Some time ago I had to modify a code sequence that populates newly created items.

In time, the rules to generate a newly created task start date evolved to the following set:

  • when no tasks exist, the start date is today
  • when tasks exist
    • if the option “With time data” is toggled, the start date is the maximum known date
    • if the option “With time data” is untoggled, the start date is the maximum known date advanced to the next working day
  • when license is free, the time value is 12:00 AM
  • when license is Premium, the time value is the configured workday start

As a result, the code evolved to the following form:


var defaultStartTime = Document.TimeConfiguration.WorkDayStart;

var startDate = Document.Tasks.Select( i => i.StartDate).DefaultIfEmpty(DateTime.Today).Max();

if( Document.Tasks.Count > 0 )
{
if( Document.Version.IsPlusEdition )
{
if( !Document.TimeConfiguration.UseTime )
{
startDate = startDate.AddDays( 1 );
}
}
else
{
startDate = startDate.AddDays( 1 );
}
}

startDate = WorkingDaysManager.ToWorkingDay( startDate, Document.Scale.WorkingDays );
startDate = startDate.SetTimeOfDay( defaultStartTime );

Not a nice sequence …

I’ve decided to see for myself if I can rewrite this sequence using TDD.

The results are promising (I can’t publish the code in WordPress, I’ll have to use some other system). I’ll get back to this experiment as soon as time allows, to settle on an unit tests naming convention (as you can see, the tests have awfully long names).


public DateTime Get()
{
var maxKnownDate = _existingDates.DefaultIfEmpty( _today ).Max();
DateTime result;
if( _timeConfiguration.UseTime )
{
result = maxKnownDate;
}
else
{
result = _existingDates.Count == 0 ?
maxKnownDate :
_workingDaysProcessor.GetNextWorkingDay( maxKnownDate, _workingDaysConfiguration );
}

var timeOfDay = _isPlusEdition ? _timeConfiguration.WorkDayStart : DateTimeExtensions.DayStart;
result = result.SetTimeOfDay( timeOfDay );

return result;
}

And the core tests (the ones that I’ve written first, failed and after updating the code succeeded).


public class NewTaskStartDateCalculatorTests
{
[Theory, AutoData]
public void When_NoTasksExist_StartDatePart_EqualsToday( DateTime today )
{
var builder = new NewTaskStartDateCalculator.Builder();
var calculator = builder
.WithToday( today )
.Build();

var startDate = calculator.Get();

Assert.Equal( today.Date, startDate.Date );
}

[Theory, AutoData]
public void WhenOneTaskExists_And_UseTimeIsOn_StartDatePart_EqualsExistingTaskStartDateDatePart( DateTime task1StartDate )
{
var builder = new NewTaskStartDateCalculator.Builder();
var calculator = builder
.WithKnownTasksStartDates( new List<DateTime> { task1StartDate } )
.WithUseTime()
.Build();

var startDate = calculator.Get();

Assert.Equal( task1StartDate.Date, startDate.Date );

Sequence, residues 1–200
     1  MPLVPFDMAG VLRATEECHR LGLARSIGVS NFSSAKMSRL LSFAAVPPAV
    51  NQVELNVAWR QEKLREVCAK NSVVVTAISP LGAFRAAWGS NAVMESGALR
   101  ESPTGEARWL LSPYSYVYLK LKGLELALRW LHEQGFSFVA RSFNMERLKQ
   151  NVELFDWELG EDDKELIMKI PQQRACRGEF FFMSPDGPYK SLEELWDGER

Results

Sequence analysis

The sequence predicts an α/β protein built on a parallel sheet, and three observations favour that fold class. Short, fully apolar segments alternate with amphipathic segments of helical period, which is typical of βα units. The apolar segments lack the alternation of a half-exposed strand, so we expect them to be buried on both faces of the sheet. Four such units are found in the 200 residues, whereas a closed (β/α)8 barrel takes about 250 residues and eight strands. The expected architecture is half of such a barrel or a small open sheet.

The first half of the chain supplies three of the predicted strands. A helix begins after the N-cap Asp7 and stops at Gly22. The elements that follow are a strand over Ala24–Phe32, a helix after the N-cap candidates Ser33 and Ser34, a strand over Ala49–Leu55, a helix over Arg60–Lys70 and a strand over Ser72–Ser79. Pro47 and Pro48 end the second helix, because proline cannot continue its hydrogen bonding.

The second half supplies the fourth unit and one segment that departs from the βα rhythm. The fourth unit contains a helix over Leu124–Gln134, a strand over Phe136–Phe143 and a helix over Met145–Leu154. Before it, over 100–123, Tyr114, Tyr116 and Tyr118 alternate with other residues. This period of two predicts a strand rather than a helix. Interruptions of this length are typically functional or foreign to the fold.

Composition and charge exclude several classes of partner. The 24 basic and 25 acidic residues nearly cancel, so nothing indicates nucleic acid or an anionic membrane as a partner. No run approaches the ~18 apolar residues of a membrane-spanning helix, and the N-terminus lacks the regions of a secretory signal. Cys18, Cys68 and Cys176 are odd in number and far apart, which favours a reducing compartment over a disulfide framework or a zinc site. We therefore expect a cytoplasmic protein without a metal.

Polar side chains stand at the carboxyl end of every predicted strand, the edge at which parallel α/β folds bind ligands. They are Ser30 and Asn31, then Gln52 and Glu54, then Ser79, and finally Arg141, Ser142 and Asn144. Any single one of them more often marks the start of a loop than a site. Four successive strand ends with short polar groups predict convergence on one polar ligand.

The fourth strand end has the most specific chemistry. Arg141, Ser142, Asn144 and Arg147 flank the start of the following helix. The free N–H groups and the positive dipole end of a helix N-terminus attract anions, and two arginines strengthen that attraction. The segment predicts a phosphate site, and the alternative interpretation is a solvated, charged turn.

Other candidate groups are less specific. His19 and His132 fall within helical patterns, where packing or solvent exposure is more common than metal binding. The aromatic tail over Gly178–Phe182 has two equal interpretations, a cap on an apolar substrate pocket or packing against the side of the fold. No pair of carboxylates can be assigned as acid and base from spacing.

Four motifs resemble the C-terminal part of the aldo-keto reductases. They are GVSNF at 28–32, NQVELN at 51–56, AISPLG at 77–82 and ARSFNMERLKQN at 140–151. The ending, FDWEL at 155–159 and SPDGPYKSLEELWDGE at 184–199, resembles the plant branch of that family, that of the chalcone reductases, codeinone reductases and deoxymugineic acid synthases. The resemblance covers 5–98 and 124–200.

}

public static IEnumerable<object[]> TestData1 => new[]
{
new object[] { new DateTime( 2017, 1, 2 ), WorkingDays.Standard, new DateTime( 2017, 1, 3 ) }
};
[Theory]
[MemberData( nameof( TestData1 ) ) ]
public void WhenOneTaskExists_And_UseTimeIsOff_StartDatePart_IsExistingStartDateAdvancedToTheNextWorkingDayDatePart(
DateTime task1StartDate,
WorkingDays workingDays,
DateTime nextWorkingDay )
{

var fakeWorkingDaysProcessor = A.Fake<IWorkingDaysProcessor>();
A.CallTo(
() => fakeWorkingDaysProcessor.GetNextWorkingDay( task1StartDate, workingDays )
).Returns( nextWorkingDay );

var builder = new NewTaskStartDateCalculator.Builder();
var calculator = builder
.WithKnownTasksStartDates(new List<DateTime> { task1StartDate })
.WithWorkingDaysConfiguration( workingDays )
.WithWorkingDaysProcessor( fakeWorkingDaysProcessor )
.Build();

var startDate = calculator.Get();

Assert.Equal( nextWorkingDay.Date, startDate.Date );
}
[Theory, AutoData ]
public void WhenIsPlusEdition_StartTime_EqualsConfiguredWorkdayStart(
DateTime today, TimeSpan workDayStart )
{
// TODO: the TimeSpan object has milliseconds.
// Implement a mechanism to generate TimeSpan objects without milliseconds.
// In addition, analyze the design to ensure the builder properly handles
// the situation where the input TimeSpan has milliseconds (should it
// silently cut the milliseconds or throw an exception?)
workDayStart = workDayStart.WithZeroMilliseconds();
var builder = new NewTaskStartDateCalculator.Builder();
var calculator = builder
.WithToday( today )
.WithWorkDayStart( workDayStart )
.WithLicenseIsPlusEdition()
.Build();

var startDate = calculator.Get();

Assert.Equal( workDayStart, startDate.TimeOfDay );
}

[Theory, AutoData]
public void WhenIsFreeEdition_StartTime_Equals12_00_AM( DateTime today, DateTime task1StartDate, DateTime fakeNextWorkingDate )
{
var fakeWorkingDaysProcessor = A.Fake<IWorkingDaysProcessor>();
A.CallTo(
() => fakeWorkingDaysProcessor.GetNextWorkingDay( A<DateTime>.Ignored, A<WorkingDays>.Ignored )
).Returns( fakeNextWorkingDate );

var builder = new NewTaskStartDateCalculator.Builder();
var calculator = builder
.WithKnownTasksStartDates( new List<DateTime>{ task1StartDate } )
.WithWorkingDaysProcessor( fakeWorkingDaysProcessor )
.Build();

var startDate = calculator.Get();

Assert.Equal( DateTimeExtensions.DayStart, startDate.TimeOfDay );
}
}

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